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Compare The Methods Used To Present A Similar Theme In Two Short Stories You Have Studied

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The two short stories I have studied are The Garden Party and The Doll's House, both written by Katherine Mansfield. The main theme in both short stories conveys the idea of class conflict. This general theme has been broken down into similar focus points in each story. The Garden Party addresses the insensitivity of the rich thinking that the poor have no feelings whereas The Doll's House refers to the society's acceptance of cultural and economic boundaries. The various methods that have been used to present these emotional aspects of class conflict have been used effectively though somewhat differently in each text.

All is well as the Sheridans are enjoying their posh Garden Party until they hear of Mr Scott's death, which plays an important part in the development of class conflict. Laura being the only thoughtful member of the Sheridans asks for the party to be called off but Mrs Sheridan's shallowness and insensitivity becomes apparent when she demands that the party must go on for "It's only by accident we've heard of it." The Sheridans are living in luxury with all their wants fulfilled effortlessly because they are of higher class. Their neighbour the Scotts on the other hand are of lower class but do not long for a lavish lifestyle either. However Mrs Sheridan is oblivious of this when she prepares a needless gift basket: "People of that class are so impressed by arum lilies." Truth is that none of the superficial things are important to the Scotts. As Laura approaches Mr Scott, she realises the true beauty of life: "What did garden parties and baskets matter to him?" and becomes content with understanding: "This is just as it should be. I am content."

The less privileged Kelveys in The Doll's House are excluded from all the other girls in school. No one will give them a chance except for Kezia. Mansfield voices her attitudes and understanding through Kezia, the only character in the story who sympathises the vulnerable Kelveys. Social hierarchy plays a deep meaning to all the other characters: "The line had to be drawn somewhere. It was drawn at the Kelveys." The significant relationship Kezia shares with Lil Kelvey helps the reader to understand that even the extravagant can appreciate life and understand more of it no matter what their class or age. The little lamp has been symbolised as the true meaning in life. Everyone fails to understand this except for Kezia and Else who both notice the significance of the little lamp immediately.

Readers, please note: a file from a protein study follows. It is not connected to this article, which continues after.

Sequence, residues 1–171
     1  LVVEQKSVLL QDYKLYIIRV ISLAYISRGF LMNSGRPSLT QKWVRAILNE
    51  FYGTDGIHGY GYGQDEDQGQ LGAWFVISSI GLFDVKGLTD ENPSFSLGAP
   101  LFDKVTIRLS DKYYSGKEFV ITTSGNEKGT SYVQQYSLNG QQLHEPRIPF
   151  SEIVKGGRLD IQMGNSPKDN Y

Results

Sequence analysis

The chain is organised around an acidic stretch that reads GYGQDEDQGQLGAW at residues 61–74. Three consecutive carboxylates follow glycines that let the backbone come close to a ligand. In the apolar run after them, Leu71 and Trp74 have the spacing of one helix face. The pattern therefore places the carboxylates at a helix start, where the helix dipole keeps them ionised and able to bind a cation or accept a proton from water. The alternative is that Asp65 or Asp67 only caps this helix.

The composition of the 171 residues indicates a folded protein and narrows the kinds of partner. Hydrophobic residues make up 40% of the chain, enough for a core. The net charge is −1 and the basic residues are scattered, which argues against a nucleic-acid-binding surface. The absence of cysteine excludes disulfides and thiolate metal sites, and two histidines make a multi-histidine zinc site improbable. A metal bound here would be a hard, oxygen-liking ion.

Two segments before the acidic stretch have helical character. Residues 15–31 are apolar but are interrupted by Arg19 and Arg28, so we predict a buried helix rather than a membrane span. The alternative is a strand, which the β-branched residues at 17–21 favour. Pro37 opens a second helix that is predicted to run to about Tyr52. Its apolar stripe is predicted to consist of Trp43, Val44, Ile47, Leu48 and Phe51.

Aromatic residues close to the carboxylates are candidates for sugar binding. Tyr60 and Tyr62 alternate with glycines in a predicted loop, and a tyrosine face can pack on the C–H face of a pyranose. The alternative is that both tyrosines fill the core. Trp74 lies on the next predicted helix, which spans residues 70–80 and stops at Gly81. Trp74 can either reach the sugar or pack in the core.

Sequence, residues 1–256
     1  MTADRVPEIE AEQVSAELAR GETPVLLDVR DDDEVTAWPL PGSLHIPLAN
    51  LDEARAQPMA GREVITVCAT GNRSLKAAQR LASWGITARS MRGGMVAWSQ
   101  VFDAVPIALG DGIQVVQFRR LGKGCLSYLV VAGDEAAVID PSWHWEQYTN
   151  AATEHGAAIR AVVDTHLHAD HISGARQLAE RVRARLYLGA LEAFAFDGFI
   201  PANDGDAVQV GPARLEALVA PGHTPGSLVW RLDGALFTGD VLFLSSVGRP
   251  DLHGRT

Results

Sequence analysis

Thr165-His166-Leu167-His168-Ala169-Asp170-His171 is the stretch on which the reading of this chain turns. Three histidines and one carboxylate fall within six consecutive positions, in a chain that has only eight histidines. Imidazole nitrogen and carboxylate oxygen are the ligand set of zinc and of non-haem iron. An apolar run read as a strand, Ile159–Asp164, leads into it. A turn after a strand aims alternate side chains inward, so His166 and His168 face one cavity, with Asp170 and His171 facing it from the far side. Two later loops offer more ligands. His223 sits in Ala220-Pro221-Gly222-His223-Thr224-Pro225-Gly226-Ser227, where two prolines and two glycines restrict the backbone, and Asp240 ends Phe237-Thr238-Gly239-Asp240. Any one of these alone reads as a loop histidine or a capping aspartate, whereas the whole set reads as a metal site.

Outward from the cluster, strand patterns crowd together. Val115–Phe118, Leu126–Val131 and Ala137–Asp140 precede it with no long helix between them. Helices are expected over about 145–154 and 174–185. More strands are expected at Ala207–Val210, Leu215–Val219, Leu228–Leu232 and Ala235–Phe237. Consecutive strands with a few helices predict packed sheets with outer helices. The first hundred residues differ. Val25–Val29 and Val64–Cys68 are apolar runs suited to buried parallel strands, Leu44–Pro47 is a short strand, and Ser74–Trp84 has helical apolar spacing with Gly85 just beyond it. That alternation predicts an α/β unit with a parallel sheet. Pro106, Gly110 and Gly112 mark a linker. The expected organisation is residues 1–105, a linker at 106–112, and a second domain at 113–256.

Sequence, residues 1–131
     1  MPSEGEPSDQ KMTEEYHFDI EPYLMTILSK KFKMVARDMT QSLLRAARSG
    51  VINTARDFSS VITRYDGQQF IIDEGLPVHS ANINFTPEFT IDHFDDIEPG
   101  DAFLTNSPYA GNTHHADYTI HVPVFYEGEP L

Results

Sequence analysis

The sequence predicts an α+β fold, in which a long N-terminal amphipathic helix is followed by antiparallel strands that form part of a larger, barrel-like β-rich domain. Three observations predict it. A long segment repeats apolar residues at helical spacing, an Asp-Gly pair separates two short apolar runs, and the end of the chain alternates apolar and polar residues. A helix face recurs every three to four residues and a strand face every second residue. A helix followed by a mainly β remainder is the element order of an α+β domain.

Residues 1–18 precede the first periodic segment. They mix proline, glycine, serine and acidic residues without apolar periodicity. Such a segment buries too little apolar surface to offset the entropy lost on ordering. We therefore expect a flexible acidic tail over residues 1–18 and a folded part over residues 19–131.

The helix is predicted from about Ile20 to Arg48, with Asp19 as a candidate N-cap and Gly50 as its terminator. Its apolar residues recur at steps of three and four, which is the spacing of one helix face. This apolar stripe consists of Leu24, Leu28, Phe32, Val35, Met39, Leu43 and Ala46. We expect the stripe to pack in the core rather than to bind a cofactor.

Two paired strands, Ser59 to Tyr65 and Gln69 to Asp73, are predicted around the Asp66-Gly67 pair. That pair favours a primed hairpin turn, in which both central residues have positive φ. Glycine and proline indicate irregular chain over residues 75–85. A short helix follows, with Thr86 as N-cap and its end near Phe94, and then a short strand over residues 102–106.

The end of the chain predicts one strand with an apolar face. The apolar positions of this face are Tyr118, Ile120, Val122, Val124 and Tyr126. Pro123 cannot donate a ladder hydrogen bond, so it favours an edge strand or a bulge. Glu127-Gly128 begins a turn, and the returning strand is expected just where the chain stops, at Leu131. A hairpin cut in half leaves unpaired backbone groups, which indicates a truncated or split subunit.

Although Mansfield has written the narration of both texts in third person, it is evident that she has adapted the narrative style of projecting her own opinions and emotions through the main character's stream of the conscience. This is a typical stylistic feature of Mansfield and would especially be expected in these short stories where the main characters are most mature and could most likely represent the author herself. Mansfield has used the point of view of the narration to bring attention to the characters to help the reader to understand that the themes are developing around the character's thoughts and values. In The Garden Party, Laura is depicted a young Katherine Mansfield and we can easily relate to her views because of the style used to craft this short story. Mansfield leads us into Laura's mind and only hers do we live through. In the opening scene, we can already sense that it is described as it is in the protagonist's mind rather than the narrator's. Laura is affected immensely by the death of Mr Scott while Mrs Sheridan doesn't feel a soul for him. She feels so emotionally attached that she asks: "Mother, isn't it really terribly heartless of us?" However this leads on to her sweeping transformation in finding contentment within the natural beauty of Mr Scott's death. She matures and realises that there are more important things than garden parties and lace frocks thus allowing her to fully appreciate the true wonders of life. Mansfield has developed Laura's character significantly to communicate her ideas of class conflict and that the poor have even deeper and more important feelings than the rich.

Unlike The Garden Party, the perspective of the narration is not as clear in The Doll's House, and the protagonist is already the most mature of all the characters. Mansfield effectively goes about presenting the theme of class



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